Then we went inside the building to look at the exhibits. On the main floor, there is an exhibit showing all the routes immigrants took once arriving in the United States. I was able to follow the journeys people took along the Santa Fe Trail, through St. Louis, or through San Francisco as they made their new life in this new world.

Ellis Island National Immigration Museum
The signs on the first floor showing the urban centers immigrants went

I then headed up to the second floor housing the registry hall. It was here that 12 million people signed their names to a ledger as they entered the country from 1892-1924. It is an impressive, large room which has the feel of bureaucracy. I got a real feel for what it would be like to arrive in the United States and then wait for 3-5 hours with my family in this officious room.

Immigration room
The daunting registry room at Ellis Island
A Look at History
A little of the story of the registry room

Finally, I headed to the third floor which contains a dorm room for the quarantined immigrants. Once registered, an immigrant would be quarantined on Ellis Island for a number of days before they could leave the island and start life in the new world. It is quite probable that my grandfather slept in dorm beds like these.

Waiting in dorms
A view of the dorm rooms at Ellis Island

We then got in line for our ferry ride back to Battery Park. It’s worth noting that the lines for the ferry can be long and the wait was about 20-30 minutes. The wait and standing was difficult for my mom.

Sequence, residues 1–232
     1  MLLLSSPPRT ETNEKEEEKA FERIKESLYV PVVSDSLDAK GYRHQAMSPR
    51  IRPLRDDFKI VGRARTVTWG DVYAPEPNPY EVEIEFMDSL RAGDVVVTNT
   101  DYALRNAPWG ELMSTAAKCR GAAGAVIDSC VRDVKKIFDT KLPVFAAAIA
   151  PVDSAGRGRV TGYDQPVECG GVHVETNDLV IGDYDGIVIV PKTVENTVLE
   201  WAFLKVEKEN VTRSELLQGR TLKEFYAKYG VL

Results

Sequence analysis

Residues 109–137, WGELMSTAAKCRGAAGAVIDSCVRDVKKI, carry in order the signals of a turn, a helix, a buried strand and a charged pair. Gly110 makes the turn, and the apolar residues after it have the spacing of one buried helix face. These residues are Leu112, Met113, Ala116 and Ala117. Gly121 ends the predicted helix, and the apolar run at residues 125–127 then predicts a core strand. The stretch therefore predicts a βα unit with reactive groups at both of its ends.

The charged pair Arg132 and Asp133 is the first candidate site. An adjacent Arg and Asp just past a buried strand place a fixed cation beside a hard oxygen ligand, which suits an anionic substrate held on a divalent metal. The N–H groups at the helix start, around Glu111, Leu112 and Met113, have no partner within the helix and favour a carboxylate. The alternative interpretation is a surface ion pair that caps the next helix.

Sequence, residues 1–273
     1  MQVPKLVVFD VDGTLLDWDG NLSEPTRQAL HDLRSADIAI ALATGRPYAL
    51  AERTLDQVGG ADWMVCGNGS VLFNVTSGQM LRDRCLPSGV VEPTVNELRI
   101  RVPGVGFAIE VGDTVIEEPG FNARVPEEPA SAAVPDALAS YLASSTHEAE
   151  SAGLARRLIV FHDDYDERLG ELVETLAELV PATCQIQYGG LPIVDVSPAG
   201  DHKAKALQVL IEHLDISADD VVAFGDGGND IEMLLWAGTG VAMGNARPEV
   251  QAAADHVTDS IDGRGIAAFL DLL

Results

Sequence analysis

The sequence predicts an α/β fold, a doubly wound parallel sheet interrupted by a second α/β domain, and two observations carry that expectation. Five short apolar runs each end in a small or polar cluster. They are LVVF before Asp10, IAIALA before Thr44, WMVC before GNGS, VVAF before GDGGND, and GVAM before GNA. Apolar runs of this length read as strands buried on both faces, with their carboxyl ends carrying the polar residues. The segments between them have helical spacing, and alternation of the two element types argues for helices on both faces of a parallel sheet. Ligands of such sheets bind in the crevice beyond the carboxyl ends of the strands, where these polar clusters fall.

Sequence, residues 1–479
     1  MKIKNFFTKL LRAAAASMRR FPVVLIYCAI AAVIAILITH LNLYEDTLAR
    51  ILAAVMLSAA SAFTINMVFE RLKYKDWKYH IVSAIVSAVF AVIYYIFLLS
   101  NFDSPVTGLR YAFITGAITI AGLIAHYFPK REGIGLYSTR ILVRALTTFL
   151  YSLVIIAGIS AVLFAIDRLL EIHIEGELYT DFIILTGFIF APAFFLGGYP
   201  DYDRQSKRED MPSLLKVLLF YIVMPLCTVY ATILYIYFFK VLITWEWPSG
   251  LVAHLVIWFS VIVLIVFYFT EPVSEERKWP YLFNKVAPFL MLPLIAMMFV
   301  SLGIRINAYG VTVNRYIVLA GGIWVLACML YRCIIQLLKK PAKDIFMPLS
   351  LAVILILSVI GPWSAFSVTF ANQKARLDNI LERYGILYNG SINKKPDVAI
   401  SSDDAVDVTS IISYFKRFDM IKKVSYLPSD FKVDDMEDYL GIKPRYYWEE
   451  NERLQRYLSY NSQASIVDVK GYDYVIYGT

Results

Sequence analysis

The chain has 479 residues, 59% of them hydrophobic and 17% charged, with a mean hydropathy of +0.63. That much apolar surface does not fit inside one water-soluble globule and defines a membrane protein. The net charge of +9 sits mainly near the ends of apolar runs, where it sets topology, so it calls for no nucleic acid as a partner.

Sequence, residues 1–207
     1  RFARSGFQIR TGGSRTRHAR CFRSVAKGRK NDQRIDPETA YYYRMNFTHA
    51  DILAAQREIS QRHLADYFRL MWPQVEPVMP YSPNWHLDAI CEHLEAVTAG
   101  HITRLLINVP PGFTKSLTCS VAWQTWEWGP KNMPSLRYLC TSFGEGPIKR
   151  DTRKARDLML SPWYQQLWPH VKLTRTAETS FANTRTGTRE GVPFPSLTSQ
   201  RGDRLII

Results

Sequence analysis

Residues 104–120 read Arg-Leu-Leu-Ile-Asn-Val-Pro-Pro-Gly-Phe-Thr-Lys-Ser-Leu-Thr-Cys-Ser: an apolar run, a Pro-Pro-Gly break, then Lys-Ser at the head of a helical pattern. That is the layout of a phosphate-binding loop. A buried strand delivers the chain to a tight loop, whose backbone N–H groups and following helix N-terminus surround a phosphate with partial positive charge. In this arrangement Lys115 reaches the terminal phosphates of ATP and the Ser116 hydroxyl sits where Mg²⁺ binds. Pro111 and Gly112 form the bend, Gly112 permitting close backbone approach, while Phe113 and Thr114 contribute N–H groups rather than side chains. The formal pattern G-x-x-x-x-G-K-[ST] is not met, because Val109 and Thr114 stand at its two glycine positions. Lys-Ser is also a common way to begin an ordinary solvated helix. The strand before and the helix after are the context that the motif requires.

Looking to the future
A look at Manhattan from Ellis Island
a View of Liberty
You also can see the Statue of Liberty from the windows of the Ellis Island Museum

Fraunces Tavern

A couple of blocks from Battery Park is Fraunces Tavern, one of the oldest structures in New York City. The Tavern, open since 1762, was the site where General George Washington gave his farewell address to his troops in 1781.

Historic Tavern
Frances Tavern in lower Manhattan
Front of Fraunces Tavern
The Tavern is on the National Registry of Historic Places

The tavern serves some great early American cuisine, and also has a large number of ales and draft beers. It was fun to eat here, looking out of those ancient windows into the very modern streets and buildings of present day New York.

Inside Fraunces Tavern
Colonial features seem to clash with modern Manhattan beyond

Above the tavern is a museum containing the original room where Washington gave his farewell address and the Clinton dining room, containing one of only 11 remaining handpainted wallpapers in the world. The museum houses nine galleries which contains flags of the early Americas and artwork representing colonial American history. It’s definitely worth a stop.

General Washington was at Fraunces Tavern in 1783. My Mom was here in 2017.

From the Tavern, it is a short walk north to Wall Street, Federal Hall, and the site of the World Trade Center.

 

My Epic Fail

I was so excited for the trip. It was my first time touring the Statue of Liberty and Ellis Island. Given the significance of the trip for my family, I wanted everything to be perfect. There was one problem, however. There was a smudge on my camera lens. I didn’t know it. It was only later that evening after taking a couple hundred pictures that I noticed a black smear on all my great pictures. You’ll see the smudge throughout these pictures. I hate it. The pictures mar an otherwise perfect and emotional day for my family.

Have you dined at Fraunces Tavern? Or have you been in the crown of the Statue of Liberty? Let us know about these  or other New York City experiences in the comments below.